Micah Wexler worked his way around town at restaurants such as Melisse, Patina and Craft before coming to Mezze, where he is executive chef. The Cornell University grad incorporates flavors from Lebanon, Syria, Morocco and Turkey with locally sourced ingredients to create a contemporary Middle Eastern cuisine at the West Hollywood restaurant that opened in late March.
Latest ingredient obsession? Cucumber. We always think of cucumber as being this really pedestrian ingredient that is a must-have to bulk up a boring salad. Like any other vegetable, when you dig a little deeper you find all of these heirloom varietals. Right now in my kitchen I have lemon cucumbers, serpent cucumber, white cucumber, Japanese cucumber; there's a whole cucumber world. I've also been experimenting with different ways of cooking cucumber since it's usually used raw. The one I'm into at the moment is throwing them whole into my wood burning oven. The outside gets charred like a pepper, we peel off the burnt skin and the inside flesh is sweet and smokey and still retains some crunch.
What restaurant do you find yourself going to again and again? Sanam Luang Café in Thai Town. They're open until 4 a.m. so it's a great late-night fix. I can't go without having the roast duck noodle soup with egg noodles. It's the most intensely ducky thing I've ever tasted.
The one piece of kitchen equipment you can’t live without, other than your knives? My spoons. I have a collection of spoons that have either been given to me or I've picked up at random stores and flea markets. Some of them are antiques from my grandmothers, others are from various places in the world I have traveled to. They all have a purpose and have to feel balanced in my hand. It's amazing how versatile a spoon can be as a tool.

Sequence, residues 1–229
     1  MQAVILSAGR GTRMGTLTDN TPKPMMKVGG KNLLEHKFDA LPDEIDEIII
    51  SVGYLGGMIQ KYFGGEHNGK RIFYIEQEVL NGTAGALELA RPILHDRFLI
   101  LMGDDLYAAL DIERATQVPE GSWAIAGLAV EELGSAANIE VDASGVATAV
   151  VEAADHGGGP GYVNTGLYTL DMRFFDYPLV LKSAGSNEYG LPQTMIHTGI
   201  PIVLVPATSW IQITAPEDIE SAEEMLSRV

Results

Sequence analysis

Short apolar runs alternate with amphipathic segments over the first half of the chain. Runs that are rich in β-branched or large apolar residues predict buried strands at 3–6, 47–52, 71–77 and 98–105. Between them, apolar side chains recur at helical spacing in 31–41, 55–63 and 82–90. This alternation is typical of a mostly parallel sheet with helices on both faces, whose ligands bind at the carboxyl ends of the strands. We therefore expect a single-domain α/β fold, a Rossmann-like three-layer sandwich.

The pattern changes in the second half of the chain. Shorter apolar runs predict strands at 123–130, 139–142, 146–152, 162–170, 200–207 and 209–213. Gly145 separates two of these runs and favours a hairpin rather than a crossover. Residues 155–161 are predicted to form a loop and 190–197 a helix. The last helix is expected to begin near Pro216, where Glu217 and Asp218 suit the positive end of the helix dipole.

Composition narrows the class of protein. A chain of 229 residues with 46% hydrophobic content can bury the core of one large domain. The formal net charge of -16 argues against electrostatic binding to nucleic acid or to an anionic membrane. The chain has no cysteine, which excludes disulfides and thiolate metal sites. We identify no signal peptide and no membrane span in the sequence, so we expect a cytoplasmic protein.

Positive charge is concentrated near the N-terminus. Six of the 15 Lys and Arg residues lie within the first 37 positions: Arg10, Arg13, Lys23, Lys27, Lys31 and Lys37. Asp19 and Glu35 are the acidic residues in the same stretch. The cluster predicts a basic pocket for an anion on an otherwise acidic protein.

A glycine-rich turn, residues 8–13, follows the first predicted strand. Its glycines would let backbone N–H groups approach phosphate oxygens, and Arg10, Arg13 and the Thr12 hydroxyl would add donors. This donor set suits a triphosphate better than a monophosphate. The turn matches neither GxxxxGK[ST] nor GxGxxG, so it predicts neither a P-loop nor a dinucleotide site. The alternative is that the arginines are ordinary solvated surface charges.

What’s your favorite breakfast? Shakshouka. It's an Israeli breakfast staple by way of Tunisia that has eggs poached in a spicy pepper stew. The best one in the world is at a restaurant in Yafo, Israel, called "Doctor Shakshouka." It's so good I have my version on the menu at Mezze.
The last cookbook you read – and what inspired you to pick it up? "Kaiseki: The exquisite cuisine of Kyoto's Kikunoi Restaurant." I've had the book for years but I pick it up now and then and it's always like I'm looking at it for the first time. There are so many interesting vegetables and fish and it is hyper-seasonal. The way everything is prepared is so simple but there is real depth in the simplicity.
Mezze, 401 N. La Cienega Blvd., Los Angeles, (310) 657-4103, www.mezzela.com.
Photo: Micah Wexler. Credit: Mezzela.com